The U.S. Department of Energy (DOE) today announced eight university-led projects will receive nearly $6.2 million in federal funding for research and development projects aimed at advancing hydrogen—a clean burning fuel—as a high-performing, efficient gas for turbine-based electricity generation. Increasing the reliability, efficiency, and performance of hydrogen power will reduce carbon emissions and advance the Biden-Harris administration’s goal of a 100% clean electricity by 2035.
Georgia Tech Research Corporation (Atlanta, GA) will develop a foundational understanding of key kinetic, flame propagation, and emissions characteristics of high-hydrogen fuels at gas turbine relevant conditions.
University of Central Florida (Orlando, FL) researchers will conduct fundamental experimental and numerical investigations that cover previously unexplored H2 containing fuel blends and conditions of interest.
San Diego State University (San Diego, CA) researchers, with partner Solar Turbines Inc., propose a collaborative university/ original equipment manufacturer (OEM) simulation and test program to advance the design of additively manufactured (AM) hydrogen micromix turbine combustors in industrial gas turbines.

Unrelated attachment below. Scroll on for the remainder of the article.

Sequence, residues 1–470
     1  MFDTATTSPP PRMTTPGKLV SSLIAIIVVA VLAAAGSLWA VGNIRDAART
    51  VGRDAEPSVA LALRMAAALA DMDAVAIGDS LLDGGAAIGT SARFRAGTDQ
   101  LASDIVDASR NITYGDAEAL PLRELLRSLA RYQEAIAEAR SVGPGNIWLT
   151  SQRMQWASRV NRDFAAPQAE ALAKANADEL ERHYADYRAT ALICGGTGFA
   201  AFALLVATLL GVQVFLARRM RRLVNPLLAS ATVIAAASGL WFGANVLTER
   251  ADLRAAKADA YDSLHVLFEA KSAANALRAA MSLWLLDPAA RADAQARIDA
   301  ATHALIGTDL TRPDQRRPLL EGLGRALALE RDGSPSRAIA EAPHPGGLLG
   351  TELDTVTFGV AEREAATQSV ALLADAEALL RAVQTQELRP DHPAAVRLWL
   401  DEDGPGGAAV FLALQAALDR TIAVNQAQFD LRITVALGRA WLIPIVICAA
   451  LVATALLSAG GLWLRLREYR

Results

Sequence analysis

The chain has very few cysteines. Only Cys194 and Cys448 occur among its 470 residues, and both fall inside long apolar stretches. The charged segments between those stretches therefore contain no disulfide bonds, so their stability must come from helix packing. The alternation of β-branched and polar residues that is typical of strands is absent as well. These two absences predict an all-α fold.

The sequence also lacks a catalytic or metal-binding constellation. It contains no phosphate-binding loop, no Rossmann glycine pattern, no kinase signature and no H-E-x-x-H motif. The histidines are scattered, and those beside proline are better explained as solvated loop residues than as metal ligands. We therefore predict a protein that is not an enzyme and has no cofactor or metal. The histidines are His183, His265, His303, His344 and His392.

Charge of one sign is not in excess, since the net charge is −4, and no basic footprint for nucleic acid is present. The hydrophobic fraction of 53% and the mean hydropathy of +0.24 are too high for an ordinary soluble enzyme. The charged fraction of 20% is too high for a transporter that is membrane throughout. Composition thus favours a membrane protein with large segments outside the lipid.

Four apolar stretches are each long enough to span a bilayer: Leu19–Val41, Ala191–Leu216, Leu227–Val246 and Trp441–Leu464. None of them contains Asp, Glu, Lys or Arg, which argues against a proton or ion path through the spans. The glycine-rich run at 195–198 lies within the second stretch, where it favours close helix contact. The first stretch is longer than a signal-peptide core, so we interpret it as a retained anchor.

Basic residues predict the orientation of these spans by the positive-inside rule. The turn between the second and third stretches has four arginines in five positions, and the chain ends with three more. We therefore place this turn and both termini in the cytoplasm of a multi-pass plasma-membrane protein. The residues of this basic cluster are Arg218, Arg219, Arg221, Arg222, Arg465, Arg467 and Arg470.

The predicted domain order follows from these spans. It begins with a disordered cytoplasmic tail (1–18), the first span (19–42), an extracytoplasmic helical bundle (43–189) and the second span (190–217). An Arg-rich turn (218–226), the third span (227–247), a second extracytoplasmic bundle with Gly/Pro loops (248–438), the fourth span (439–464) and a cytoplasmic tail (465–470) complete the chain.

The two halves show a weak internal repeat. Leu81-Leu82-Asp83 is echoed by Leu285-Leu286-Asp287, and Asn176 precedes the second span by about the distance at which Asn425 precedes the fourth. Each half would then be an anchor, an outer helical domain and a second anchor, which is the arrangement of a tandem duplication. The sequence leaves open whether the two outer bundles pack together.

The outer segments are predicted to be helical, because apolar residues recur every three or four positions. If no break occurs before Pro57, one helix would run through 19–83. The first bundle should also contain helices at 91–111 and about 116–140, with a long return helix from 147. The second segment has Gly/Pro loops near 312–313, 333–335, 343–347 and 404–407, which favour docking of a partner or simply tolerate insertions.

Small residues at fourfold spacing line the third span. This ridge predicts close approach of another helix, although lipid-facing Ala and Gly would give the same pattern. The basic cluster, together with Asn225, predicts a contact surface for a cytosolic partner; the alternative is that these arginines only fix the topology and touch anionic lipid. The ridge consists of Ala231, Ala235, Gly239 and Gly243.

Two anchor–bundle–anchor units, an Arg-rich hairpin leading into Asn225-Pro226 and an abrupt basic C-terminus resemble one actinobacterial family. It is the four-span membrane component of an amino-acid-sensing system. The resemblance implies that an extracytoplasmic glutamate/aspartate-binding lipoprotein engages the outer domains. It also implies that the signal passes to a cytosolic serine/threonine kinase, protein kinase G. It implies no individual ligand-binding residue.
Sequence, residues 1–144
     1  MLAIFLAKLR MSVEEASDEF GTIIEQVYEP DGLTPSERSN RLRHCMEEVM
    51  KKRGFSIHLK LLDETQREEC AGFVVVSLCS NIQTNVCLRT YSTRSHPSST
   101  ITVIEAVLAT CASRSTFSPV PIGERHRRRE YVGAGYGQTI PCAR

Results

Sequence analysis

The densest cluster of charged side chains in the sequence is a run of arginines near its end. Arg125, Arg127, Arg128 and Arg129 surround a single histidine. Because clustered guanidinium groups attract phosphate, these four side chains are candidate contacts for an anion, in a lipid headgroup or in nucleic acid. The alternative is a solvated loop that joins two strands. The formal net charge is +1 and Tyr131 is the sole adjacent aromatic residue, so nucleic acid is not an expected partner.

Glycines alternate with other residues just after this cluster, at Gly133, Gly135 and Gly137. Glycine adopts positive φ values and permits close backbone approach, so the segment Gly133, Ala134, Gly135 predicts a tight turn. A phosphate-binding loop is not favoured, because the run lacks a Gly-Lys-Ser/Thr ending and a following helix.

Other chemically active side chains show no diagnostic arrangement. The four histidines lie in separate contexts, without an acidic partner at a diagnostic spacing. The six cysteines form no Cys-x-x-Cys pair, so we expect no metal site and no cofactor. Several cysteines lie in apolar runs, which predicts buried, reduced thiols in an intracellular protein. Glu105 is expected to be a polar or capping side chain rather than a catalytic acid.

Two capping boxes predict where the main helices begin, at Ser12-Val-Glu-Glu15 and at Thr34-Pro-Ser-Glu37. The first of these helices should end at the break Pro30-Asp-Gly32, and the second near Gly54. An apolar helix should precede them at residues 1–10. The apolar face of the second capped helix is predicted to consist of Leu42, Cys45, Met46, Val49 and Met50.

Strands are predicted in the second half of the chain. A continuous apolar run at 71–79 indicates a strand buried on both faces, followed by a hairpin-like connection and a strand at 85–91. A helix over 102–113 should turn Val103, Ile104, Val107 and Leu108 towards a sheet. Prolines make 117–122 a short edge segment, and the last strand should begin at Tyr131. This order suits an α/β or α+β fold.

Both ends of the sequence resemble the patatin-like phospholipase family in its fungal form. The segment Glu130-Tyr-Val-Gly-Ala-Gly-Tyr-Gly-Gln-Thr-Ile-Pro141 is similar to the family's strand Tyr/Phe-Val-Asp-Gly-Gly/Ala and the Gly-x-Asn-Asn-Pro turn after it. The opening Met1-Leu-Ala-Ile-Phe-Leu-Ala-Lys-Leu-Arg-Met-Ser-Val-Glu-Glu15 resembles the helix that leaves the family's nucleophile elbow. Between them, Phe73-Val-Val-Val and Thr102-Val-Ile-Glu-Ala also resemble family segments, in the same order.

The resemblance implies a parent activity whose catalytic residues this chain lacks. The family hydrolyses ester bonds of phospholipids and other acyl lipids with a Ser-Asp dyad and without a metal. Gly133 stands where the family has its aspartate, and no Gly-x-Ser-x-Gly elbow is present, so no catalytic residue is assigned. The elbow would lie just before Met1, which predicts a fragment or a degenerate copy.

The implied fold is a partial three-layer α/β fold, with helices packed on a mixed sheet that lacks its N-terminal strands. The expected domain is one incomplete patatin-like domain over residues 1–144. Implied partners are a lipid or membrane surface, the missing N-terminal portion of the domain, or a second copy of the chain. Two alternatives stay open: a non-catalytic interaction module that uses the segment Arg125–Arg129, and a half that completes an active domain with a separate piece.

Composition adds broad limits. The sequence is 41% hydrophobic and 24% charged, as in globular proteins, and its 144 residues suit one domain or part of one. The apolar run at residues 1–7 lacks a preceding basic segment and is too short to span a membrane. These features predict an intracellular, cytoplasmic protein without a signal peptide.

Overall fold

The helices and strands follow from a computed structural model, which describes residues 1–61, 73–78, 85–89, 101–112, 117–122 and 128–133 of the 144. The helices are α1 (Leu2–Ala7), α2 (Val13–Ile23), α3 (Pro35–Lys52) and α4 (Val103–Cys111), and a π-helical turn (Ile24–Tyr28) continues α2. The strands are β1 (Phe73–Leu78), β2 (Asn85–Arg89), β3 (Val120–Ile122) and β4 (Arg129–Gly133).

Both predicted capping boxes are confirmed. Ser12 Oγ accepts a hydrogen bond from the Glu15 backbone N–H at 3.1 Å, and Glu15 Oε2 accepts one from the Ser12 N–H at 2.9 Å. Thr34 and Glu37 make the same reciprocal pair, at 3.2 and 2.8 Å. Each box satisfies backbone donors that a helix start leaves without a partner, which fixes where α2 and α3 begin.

Purdue University (West Lafayette, IN) researchers will investigate flame structure and dynamics for gas turbine combustion with hydrogen and another hydrogen-based fuel—ammonia—and with mixtures of these fuels with natural gas.
Ohio State University (Columbus, OH) researchers propose a joint experimental-computational program to advance high-hydrogen content operation of gas turbines.
University of California, Irvine will partner with Solar Turbines, Inc., and Collins Aerospace to adapt advanced liquid fuel injectors designed by Collins Aerospace for aero engines to accommodate injection of hydrogen/hydrogen natural gas blends.
University of Alabama will partner with Virginia Polytechnic Institute and State University, Aerojet Rocketdyne, Inc., Kulite Semiconductor Products, Inc., and Navy Research Lab to develop a robust methodology to integrate a rotating detonation combustor (RDC) with a gas turbine, and to identify the impact of loss mechanisms on detonation performance in the RDC.
Purdue University and a team of university and industry partners will develop a novel, compact combustor-diffuser-turbine strategy to transition high-speed, unsteady flow from rotating detonation combustors (RDCs) to industrial turbines.
Source: U.S. Department of Energy